“Yeah,” I said and smiled. “Pretty cool.”
* * *
Once, when I reminded my father about the sixth-grade incident, he said, “God, you know that-kind-of-thing could only happen to you.” I was trying to take that in when he paused to reconsider. “No,” he said finally. “It's a boy's job to kill mice in grade school, even if they are pets.” It made sense, if only to me, and it's one of the few things my father and I continue to agree upon. Somewhere in America , in better schools, students might rush through their textbooks on nuclear physics or scale replicas of the Taj Mahal, but I have to believe most children experience the same torment I did. And when I consider the Montana towns where I grew up, where time is stagnant and measured generally by the change in weather, I trust not much has changed at school, especially when it comes to substitutes.
It begins when you arrive, feeling free and a little dizzy because something in the classroom is missing, and then, witnessing the figure standing behind the familiar desk at the foot of the familiar blackboard, you are compelled (by curiosity and more importantly the right to defend your territory) to act.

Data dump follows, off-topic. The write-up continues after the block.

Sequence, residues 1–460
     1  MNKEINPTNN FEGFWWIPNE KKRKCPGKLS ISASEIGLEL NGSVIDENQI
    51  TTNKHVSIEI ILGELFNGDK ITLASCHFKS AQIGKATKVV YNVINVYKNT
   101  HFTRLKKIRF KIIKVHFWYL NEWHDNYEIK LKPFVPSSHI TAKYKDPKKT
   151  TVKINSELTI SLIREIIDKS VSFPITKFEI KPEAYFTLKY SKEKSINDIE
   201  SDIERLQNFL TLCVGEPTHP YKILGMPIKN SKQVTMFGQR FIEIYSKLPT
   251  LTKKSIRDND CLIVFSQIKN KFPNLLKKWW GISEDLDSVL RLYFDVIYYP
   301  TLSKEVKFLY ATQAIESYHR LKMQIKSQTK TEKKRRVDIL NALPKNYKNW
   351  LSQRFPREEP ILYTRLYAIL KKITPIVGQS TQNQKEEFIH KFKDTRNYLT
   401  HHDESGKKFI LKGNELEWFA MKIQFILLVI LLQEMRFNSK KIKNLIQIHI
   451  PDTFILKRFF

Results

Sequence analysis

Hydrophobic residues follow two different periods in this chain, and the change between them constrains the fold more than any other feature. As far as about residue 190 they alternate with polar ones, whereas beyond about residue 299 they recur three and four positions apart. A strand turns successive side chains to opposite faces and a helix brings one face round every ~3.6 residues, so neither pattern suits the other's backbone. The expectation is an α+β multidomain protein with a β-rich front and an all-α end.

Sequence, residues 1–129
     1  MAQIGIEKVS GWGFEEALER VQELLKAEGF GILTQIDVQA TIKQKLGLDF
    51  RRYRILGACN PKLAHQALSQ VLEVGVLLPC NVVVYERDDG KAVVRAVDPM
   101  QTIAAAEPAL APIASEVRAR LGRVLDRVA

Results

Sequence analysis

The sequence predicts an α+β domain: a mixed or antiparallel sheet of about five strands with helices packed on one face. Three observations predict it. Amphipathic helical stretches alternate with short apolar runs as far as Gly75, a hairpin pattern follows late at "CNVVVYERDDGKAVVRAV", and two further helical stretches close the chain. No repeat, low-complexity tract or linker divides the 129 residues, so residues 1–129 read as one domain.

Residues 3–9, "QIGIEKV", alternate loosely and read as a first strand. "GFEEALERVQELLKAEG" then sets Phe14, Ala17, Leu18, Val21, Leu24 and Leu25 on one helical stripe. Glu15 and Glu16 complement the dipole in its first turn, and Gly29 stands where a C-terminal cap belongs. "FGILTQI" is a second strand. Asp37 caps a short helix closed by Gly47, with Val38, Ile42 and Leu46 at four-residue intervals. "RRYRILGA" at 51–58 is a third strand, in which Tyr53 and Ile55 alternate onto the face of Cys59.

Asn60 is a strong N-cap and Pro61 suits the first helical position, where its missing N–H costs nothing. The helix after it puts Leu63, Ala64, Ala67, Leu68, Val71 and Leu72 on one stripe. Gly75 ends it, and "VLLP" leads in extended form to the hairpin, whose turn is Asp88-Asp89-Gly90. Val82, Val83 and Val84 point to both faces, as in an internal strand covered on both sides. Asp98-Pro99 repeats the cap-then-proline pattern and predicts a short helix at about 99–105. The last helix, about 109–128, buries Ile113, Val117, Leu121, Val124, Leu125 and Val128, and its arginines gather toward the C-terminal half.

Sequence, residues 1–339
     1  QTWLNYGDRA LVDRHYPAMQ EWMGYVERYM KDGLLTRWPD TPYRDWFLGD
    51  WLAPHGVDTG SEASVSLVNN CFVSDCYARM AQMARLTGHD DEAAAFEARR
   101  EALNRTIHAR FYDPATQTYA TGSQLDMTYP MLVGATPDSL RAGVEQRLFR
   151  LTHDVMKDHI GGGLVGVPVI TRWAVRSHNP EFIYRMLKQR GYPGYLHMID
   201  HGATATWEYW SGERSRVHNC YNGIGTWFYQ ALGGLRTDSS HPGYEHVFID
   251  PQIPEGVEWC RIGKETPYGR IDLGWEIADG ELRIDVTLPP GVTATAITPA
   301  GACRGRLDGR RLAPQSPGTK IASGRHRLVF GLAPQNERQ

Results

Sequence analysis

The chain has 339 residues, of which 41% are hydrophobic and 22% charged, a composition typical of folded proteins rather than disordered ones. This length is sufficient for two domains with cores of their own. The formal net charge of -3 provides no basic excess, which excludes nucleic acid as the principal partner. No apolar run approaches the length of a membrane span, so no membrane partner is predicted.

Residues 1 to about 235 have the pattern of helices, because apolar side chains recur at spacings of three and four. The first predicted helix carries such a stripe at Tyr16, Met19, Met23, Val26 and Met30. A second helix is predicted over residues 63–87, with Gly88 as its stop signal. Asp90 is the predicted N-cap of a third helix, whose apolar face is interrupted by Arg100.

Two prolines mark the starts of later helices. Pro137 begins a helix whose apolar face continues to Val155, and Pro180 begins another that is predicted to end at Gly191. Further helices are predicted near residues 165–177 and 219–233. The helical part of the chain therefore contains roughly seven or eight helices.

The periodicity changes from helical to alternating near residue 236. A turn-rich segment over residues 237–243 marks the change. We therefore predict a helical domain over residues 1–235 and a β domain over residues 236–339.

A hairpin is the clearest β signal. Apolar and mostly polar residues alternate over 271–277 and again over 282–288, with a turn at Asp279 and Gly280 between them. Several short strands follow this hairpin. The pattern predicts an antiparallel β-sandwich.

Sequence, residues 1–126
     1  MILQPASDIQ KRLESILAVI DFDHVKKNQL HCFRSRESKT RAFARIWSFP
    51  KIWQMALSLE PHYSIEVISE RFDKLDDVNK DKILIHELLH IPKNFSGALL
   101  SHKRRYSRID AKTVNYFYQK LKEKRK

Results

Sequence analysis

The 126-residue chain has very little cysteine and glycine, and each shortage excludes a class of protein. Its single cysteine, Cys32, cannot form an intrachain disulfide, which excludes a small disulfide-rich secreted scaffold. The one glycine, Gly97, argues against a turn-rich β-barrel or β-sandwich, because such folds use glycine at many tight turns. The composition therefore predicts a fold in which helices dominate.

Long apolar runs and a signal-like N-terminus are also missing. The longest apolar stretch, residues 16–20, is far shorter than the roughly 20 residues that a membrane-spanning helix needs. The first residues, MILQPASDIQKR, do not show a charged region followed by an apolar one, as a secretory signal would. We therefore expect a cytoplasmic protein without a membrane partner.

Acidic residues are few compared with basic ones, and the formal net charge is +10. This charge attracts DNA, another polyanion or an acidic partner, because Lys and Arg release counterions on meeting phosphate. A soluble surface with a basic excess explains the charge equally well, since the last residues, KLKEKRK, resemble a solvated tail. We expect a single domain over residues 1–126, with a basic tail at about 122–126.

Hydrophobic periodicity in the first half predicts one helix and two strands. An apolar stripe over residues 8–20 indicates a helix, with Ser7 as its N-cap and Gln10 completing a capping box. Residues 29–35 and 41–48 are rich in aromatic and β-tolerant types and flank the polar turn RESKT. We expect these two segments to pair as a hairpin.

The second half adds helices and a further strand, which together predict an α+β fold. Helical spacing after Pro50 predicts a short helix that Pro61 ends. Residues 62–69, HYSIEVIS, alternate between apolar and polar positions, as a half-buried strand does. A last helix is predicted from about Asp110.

Soon the entire class is seated and aware of the situation. Don't worry, they have your back. This one is slightly balding and dressed in an old brown suit, something, you tell yourself, you will never wear no matter how old you get. That one is dressed in pleated slacks and a turtleneck with a small broach of the holy cross—a real Sunday school type. All she can do is smile widely and attempt to remain proper. It is a natural rite of passage, and though this reasoning strays from the forefront of your knowledge because you are young and lack perspective, you know instinctively what you must do: test them—you are, of course, devilishly smart, and they are outnumbered.